Once cash begins flowing in from this investment, CORR plans to raise its dividend to $0.50/share, which would result in a yield of over 8% at today’s share price. Also, after the acquisition of UPL’s assets is complete, it appears as though CORR will be trading for over a dollar less than the sum of the value of its assets, including the Ultra collection system and its legacy assets. I suspect that this discount will shrink significantly once REIT status is approved and the lease-back cash flow begins to come in.

One concern about this investment is that CORR has external management. One always likes to see ownership of a company that has a lot of skin in the game so to speak. However, to me this concern is eased somewhat by the fact that Corridor InfraTrust Management, the new entity that was formed to manage CORR, is incentivised to increase the stock’s dividend. I have done some research on the operators of Corridor InfraTrust Management and they seem to have a decent amount of experience in the energy infrastructure sector.

Another risk is that CORR is technically not a REIT yet, but it is in the process of converting into one. Should this conversion not be approved for some reason, that would obviously be a bad thing, but to me it seems reasonably likely that it will succeed. The company that is managing CORR is taking all of the necessary steps to qualify as a REIT. Furthermore, if private prisons and casinos are converting into REITs, I personally don’t see why something that’s as important as energy infrastructure wouldn’t be allowed to.

I view this is an interesting opportunity to get in at the beginning of a REIT that is undervalued today and has the potential to grow significantly in the future.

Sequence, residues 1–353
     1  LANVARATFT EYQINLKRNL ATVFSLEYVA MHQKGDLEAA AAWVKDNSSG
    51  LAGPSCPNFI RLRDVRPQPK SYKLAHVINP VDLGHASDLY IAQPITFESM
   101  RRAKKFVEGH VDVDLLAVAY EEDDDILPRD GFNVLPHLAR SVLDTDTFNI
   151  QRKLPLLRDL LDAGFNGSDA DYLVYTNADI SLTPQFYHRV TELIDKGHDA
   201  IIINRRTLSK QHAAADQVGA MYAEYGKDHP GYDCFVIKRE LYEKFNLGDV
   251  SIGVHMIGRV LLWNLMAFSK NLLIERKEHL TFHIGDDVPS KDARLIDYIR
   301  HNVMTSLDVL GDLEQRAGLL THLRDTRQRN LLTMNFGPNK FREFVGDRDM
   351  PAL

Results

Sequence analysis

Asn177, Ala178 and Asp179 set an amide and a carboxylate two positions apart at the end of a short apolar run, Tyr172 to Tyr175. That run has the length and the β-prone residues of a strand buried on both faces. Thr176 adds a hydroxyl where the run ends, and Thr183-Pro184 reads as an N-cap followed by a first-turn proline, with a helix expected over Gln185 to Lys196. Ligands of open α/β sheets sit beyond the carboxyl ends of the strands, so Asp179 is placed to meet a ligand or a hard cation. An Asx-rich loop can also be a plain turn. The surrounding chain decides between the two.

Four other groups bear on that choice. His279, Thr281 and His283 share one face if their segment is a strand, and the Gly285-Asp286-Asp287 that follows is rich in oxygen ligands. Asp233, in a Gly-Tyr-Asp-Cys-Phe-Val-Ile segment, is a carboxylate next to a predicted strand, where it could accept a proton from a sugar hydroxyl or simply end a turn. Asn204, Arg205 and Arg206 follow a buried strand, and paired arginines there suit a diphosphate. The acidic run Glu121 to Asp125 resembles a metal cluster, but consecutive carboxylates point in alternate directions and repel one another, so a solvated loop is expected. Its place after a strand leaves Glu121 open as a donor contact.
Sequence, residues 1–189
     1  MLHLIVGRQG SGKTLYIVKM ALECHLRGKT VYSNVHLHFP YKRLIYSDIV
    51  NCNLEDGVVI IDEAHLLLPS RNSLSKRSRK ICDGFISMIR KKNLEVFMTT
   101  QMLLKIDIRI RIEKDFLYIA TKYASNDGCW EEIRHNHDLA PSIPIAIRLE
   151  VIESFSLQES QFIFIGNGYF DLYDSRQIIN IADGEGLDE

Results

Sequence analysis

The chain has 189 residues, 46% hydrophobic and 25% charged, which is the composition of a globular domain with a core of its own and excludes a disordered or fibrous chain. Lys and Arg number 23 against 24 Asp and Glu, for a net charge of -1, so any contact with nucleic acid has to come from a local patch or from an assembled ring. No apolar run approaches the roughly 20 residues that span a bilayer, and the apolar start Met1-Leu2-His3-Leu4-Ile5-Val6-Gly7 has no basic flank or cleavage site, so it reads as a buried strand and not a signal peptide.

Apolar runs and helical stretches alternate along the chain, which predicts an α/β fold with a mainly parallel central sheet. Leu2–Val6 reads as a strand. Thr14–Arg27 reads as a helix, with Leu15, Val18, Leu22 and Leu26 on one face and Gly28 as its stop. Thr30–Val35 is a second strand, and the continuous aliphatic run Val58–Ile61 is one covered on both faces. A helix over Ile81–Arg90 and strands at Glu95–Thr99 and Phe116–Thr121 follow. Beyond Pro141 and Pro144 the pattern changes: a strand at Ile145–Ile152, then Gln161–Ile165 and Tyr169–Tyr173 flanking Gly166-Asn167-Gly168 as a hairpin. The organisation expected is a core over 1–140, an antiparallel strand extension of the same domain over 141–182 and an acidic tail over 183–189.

A big kudos to the REIT expert Dane Bowler whose Seeking Alpha article initially brought this situation to my attention.”

Since this initial post several years ago, $CORR has gone on to make several impressive acquisitions.  Here’s what the company’s assets look like today:

My main problem with $CORR during its first two years as a new REIT was that the company had been fairly stagnant. Yes, the yield of nearly 8% was nice, but I wanted to see how good its management was at actually implementing the growth plans that they have been talking about since the REIT was created.

Last November the company made an acquisition that I believe the market didn’t give it enough credit for, for a reason that the company may have brought upon itself.  It paid $125 million for “MoGas Pipeline, LLC and United Property Systems, LLC, which own and operate an approximately 263-mile interstate natural gas pipeline system which originates in northeast Missouri and extends into western Illinois and central Missouri (the “Pipeline System”), and certain related property.”

At the time, $125 million was a sizeable chunk of change for a company with a market cap of only around $300 million. Here’s where they entered into a Material Definitive Agreement.

The reason I believe Mr. Market didn’t give $CORR enough credit for this solid acquisition is its official release announcing the deal was a little light on details. To me, the most important piece of information was missing…what rate of return did the company get on its new investment? I decided to investigate. After e-mailing CORR investor relations literally 5 times I finally heard back from them. Here’s their response in regard to my question about the Cap Rate for the MoGas purchase:

“Hi Jason,

Thank you for reaching out. The pro forma cap rate (plus